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What is the difference between journal and reflective journal?

I was recently invited onto the Eudaemonia podcast to talk to host Kim Forrester about the importance of a reflection practice, and how taking the time to both write and look back has helped me throughout my life, especially this past year. Kim is brilliant and a joy to chat with.

  • Our conversation was also timely, since December at Holstee is all about Reflection,
  • Early in the conversation, we discussed the subtle but important difference between keeping a diary, journaling, and a reflection practice.
  • For the longest time I used the words interchangeably.
  • But as we began to build Reflection.app, I became more aware of their distinctions.

Here is a quick breakdown: Keeping a Diary: Recording specific events and experiences as a record of your life. Journaling: Recording specific events and experiences along with your thoughts, feelings, and emotions. Reflection: Taking the time to look back on past events and experiences along with the thoughts, emotions and feelings you had at the time, so that you can learn and grow from them. And in my experience, the more thorough my journaling is, the more meaningful my moments of reflection are. If you are passionate about reflection, or looking to make time and space in your life for more meaningful reflection, consider listening to the full podcast conversation.

In it we also discussed: – How to start a journaling and reflection practice, and where to begin – Useful frameworks for expanding your practice – How to work through ‘Lowlights’ and put an end to rumination – And what my own practice looks like Listen to the episode on iTunes, Google Podcast, Spotify, Overcast, or wherever you prefer to listen to podcasts,

I’d love to hear your thoughts on the conversation! Mike Radparvar Co-Founder, Holstee P.S. The distinction between keeping a diary, journaling and reflection, and the power of one building upon the others, were big motivations when we set out to build Reflection.app. While there are many ways to keep a diary or journal, this is the only platform that includes a guided approach for looking at past entries monthly and annually.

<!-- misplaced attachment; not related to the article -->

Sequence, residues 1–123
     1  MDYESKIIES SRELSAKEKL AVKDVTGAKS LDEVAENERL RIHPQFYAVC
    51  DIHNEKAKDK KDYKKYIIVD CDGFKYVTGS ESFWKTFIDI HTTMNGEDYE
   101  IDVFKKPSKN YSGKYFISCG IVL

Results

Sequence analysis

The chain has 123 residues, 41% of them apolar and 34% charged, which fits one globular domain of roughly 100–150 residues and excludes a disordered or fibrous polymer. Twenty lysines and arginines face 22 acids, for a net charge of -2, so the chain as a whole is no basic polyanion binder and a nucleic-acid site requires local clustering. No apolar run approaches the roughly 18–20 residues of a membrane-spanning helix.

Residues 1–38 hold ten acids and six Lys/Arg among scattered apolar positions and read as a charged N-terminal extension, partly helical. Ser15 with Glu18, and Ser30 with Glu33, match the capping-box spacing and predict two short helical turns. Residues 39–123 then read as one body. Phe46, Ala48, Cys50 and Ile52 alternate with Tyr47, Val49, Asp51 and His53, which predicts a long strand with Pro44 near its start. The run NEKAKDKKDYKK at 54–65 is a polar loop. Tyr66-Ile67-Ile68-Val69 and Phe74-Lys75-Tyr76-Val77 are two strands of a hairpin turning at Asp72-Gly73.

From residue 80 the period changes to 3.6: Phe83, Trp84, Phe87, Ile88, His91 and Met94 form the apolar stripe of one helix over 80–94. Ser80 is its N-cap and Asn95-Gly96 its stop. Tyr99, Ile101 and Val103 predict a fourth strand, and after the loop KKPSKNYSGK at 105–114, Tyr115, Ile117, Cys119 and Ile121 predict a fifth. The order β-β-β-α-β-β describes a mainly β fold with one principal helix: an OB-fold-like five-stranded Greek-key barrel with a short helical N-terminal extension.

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What is the purpose of an journal?

A journal is a record that can be used to detail everything from your feelings about a particular situation in your social life to your thoughts on a current event in the political world. Hence, journals serve a range of purposes. A journal is meant collect your ideas and observations on any number of things and put the happenings of each day into writing.
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What is the key point of reflective writing?

Writing reflectively involves critically analysing an experience, recording how it has impacted you and what you plan to do with your new knowledge. It can help you to reflect on a deeper level as the act of getting something down on paper often helps people to think an experience through.